Free the Kitniyot!

The NYT today features a story on whether Quinoa is Kosher for Passover, highlighting the controversy among what it calls “observant” or “Orthodox” Jews.  But although the story is informative, it completely misses the point.

The only reason why quinoa would not be considered “כשר לפסח” is that people might confuse it for corn, lentil, peas,rice, or beans or other grains not allowed on Passover.  But there’s a problem: corn, lentil, peas, rice, and beans are allowed on Passover. 

These other grains are known as “kitniyot” (קיטניות), which literally means “small ones.”  Are they kosher for Passover?  Yes!  They are not leavened, and they are nowhere banned in the Torah or the Talmud.  But the hyper-legalistic ones, of course, had to figure out some way to make things difficult.  Thus, according to the Orthodox Union (which should know):

In addition to the Torah’s restrictions on owning, eating and benefiting from chametz, an Ashkenazic minhag developed in the middle ages to not eat certain foods known collectively as “kitnios”. The Mishnah Berurah (453:6 & 464:5) cites three reasons for the minhag (a) kitnios is harvested and processed in the same manner as chametz, (b) it is ground into flour and baked just like chametz [so people may mistakenly believe that if they can eat kitnios, they can also eat chametz], ( c ) it may have chametz grains mixed into it [so people who eat kitnios may inadvertently be eating chametz]. Although initially there were those who objected to the minhag, it has become an accepted part of Pesach in all Ashkenazic communities.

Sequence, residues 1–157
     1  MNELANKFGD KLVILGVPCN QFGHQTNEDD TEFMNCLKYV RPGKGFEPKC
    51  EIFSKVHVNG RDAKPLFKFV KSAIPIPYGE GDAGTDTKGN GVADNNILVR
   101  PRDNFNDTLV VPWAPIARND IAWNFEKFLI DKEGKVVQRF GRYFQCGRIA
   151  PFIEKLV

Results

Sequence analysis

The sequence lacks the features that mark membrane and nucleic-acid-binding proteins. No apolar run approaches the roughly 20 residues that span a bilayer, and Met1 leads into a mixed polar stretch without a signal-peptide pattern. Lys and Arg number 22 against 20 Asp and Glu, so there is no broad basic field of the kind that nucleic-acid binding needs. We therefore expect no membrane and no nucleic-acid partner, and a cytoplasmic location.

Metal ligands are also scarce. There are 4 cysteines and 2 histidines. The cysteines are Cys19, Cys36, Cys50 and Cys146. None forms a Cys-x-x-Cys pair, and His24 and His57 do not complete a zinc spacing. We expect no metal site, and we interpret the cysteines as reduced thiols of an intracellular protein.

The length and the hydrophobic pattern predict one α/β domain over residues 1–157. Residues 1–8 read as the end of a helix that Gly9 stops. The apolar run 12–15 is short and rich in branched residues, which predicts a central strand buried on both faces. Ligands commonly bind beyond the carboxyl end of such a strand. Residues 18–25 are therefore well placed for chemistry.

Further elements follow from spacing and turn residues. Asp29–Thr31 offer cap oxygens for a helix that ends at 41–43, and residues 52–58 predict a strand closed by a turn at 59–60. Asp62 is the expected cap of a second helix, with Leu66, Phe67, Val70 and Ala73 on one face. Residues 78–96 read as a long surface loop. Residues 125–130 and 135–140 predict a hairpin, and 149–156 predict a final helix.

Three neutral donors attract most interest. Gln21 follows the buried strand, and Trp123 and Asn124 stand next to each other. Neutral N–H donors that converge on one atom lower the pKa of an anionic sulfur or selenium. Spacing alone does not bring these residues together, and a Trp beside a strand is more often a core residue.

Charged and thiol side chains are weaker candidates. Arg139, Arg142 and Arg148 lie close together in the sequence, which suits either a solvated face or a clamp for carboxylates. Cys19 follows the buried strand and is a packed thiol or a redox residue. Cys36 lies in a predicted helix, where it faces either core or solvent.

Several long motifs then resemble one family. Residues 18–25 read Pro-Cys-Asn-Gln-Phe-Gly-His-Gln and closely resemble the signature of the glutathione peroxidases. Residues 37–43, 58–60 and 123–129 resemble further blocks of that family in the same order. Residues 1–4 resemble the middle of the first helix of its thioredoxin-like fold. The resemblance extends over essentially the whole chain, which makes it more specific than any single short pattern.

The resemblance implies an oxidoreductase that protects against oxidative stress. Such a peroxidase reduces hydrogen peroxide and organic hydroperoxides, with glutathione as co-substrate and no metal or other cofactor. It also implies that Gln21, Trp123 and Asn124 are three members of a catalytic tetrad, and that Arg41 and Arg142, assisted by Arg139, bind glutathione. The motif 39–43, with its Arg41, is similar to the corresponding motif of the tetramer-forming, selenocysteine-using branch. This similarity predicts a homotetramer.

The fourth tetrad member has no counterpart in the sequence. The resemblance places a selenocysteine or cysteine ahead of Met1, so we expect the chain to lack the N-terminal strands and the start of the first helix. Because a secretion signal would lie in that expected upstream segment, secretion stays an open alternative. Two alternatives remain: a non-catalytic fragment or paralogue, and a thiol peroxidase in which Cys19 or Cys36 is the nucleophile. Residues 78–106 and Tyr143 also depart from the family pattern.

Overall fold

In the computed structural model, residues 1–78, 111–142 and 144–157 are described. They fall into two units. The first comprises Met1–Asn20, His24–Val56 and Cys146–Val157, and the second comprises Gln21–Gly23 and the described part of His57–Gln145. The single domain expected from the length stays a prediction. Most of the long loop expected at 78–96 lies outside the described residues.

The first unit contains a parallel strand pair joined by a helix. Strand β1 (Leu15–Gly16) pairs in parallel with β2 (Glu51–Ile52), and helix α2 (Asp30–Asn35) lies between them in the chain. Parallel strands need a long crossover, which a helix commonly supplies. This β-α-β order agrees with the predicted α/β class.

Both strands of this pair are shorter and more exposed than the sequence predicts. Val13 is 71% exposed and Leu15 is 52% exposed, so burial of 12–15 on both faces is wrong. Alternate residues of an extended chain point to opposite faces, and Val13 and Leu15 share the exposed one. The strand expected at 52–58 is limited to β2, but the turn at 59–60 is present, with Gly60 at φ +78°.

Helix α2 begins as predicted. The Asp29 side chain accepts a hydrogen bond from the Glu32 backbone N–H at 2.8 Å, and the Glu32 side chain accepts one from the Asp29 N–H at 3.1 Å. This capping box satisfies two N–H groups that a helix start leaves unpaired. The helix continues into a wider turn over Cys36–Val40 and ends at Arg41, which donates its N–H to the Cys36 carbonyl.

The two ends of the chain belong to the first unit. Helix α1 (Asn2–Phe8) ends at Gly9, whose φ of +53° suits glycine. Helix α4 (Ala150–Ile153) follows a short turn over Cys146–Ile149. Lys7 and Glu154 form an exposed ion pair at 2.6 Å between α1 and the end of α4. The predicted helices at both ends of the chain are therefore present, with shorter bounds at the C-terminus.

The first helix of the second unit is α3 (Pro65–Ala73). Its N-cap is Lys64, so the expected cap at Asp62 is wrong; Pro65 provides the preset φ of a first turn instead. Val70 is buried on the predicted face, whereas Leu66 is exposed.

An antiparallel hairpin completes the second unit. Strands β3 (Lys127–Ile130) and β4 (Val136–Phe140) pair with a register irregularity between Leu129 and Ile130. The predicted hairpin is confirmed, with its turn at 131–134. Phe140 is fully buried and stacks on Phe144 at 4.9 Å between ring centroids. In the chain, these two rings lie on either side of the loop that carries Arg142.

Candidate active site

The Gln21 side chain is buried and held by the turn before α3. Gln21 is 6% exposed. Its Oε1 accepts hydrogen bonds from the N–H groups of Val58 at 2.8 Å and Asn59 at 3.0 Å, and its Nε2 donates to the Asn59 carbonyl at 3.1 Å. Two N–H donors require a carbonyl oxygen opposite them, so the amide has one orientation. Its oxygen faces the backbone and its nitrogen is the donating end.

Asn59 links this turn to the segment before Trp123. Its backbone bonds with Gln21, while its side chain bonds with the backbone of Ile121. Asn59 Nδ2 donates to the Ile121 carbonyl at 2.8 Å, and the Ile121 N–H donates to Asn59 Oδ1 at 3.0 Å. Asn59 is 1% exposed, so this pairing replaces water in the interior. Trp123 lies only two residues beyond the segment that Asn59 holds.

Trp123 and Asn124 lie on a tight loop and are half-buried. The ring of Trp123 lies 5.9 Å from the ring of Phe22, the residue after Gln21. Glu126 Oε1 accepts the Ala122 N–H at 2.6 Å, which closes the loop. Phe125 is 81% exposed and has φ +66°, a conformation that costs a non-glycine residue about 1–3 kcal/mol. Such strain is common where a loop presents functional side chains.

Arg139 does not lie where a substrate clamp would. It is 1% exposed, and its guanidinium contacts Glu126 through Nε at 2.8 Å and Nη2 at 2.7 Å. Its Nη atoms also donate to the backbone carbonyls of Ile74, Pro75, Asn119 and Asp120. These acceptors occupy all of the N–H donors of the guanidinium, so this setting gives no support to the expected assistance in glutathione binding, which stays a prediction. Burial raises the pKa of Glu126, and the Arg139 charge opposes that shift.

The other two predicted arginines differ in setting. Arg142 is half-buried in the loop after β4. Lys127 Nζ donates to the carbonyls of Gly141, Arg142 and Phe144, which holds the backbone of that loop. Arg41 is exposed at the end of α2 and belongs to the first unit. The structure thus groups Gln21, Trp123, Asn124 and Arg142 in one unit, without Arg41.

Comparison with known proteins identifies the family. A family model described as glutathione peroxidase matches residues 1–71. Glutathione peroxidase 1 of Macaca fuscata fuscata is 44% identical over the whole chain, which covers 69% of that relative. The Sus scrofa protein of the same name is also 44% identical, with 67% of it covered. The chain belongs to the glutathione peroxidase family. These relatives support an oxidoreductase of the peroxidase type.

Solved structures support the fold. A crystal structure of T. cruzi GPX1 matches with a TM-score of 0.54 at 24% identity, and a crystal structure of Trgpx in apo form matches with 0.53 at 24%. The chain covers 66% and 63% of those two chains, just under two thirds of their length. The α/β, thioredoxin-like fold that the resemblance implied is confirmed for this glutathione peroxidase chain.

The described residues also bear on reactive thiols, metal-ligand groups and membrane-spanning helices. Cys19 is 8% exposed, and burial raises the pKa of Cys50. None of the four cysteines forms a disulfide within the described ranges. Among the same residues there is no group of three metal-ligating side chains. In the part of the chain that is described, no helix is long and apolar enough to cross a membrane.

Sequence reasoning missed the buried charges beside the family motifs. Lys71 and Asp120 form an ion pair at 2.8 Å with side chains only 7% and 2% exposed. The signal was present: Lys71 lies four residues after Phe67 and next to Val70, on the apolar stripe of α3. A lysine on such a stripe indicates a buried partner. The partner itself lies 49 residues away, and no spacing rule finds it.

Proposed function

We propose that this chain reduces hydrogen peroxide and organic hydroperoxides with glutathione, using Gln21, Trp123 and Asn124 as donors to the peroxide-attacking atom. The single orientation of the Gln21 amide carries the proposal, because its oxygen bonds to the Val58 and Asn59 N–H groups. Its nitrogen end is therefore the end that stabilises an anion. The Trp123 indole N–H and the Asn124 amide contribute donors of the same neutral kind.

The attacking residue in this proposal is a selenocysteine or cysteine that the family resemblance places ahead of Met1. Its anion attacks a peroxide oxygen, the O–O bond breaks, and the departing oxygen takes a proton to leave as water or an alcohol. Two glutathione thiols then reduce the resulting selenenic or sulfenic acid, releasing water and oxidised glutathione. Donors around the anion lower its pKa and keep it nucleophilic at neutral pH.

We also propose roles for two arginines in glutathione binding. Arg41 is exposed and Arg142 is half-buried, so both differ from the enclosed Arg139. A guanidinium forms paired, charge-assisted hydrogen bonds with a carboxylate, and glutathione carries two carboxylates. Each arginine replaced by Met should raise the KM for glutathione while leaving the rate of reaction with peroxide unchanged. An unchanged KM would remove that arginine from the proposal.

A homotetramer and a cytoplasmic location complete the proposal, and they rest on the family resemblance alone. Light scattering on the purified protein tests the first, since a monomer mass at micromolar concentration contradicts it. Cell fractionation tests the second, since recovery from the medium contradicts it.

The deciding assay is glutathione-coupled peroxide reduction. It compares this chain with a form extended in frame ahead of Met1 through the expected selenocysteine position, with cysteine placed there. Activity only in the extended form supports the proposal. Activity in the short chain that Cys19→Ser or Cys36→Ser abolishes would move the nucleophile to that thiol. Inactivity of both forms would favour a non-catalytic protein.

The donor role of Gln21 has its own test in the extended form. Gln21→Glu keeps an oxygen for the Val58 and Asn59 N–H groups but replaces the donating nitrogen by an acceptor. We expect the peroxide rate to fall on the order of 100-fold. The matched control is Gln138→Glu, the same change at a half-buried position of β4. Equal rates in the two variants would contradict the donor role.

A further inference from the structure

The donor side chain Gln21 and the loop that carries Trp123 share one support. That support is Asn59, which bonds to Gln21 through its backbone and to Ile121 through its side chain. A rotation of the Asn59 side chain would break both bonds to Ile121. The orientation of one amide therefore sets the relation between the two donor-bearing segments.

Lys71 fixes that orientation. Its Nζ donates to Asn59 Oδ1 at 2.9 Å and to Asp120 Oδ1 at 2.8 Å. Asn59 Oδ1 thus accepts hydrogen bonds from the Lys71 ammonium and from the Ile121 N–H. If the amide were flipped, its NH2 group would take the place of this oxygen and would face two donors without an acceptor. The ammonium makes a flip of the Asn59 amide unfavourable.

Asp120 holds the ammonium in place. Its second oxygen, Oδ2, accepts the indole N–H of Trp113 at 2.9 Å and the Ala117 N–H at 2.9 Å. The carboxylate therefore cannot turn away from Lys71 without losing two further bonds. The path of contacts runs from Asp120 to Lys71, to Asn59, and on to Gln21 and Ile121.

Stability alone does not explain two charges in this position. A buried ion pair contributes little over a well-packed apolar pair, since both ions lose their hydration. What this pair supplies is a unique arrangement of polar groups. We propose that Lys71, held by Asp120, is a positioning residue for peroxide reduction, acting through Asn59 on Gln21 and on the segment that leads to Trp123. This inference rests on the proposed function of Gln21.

This “minhag,” or custom, is just stunningly unpersuasive.  You can’t eat kitniyot because you can grind them into flour?  Then why is matza meal kosher for Passover?  It might have chametz in it?  Well, then maybe I should set up a hermetically sealed bubble chamber so as to avoid breathing chametz.

This custom isn’t just silly; it’s downright wrong.  First, it divides Ashkenazim from Sephardim: the latter have very sensibly rejected the absurdities the Ashkenazim, but then this means that observant Jews from different ethnic backgrounds can’t eat together.  That’s self-destructive.

Moreover, Pesach is a festival of celebration and thanksgiving.  God does not tell the Israelites that they are to practice self-denial.  The point is to remember how God freed us from oppression, and to pray for such freedom for all (“Let all who are hungry come and eat.”).  It is not to engage in a perpetual game of one-upmanship to see who can be more technical and strict than someone else.

Besides, it’s wrong on its own terms.  In the Bavli 114b, Rav Huna says that “beets and rice” can be used on the Seder plate instead of meat.  Rice!  On the Seder plate!  But obviously, Rav Huna was only one of the authors of the Talmud: what did he know?

Fortunately, we have seen the development of the Kitniyot Liberation Front to stop this nonsense.  There is a difference between a healthy respect for tradition and a slavish devotion to nonsensical hyperlegalism.  Go ahead, eat you corn, beans, peas, rice, lentils and quinoa.  And if anyone tells you you’re violating Passover, tell them to re-read their Talmud.

Author: Jonathan Zasloff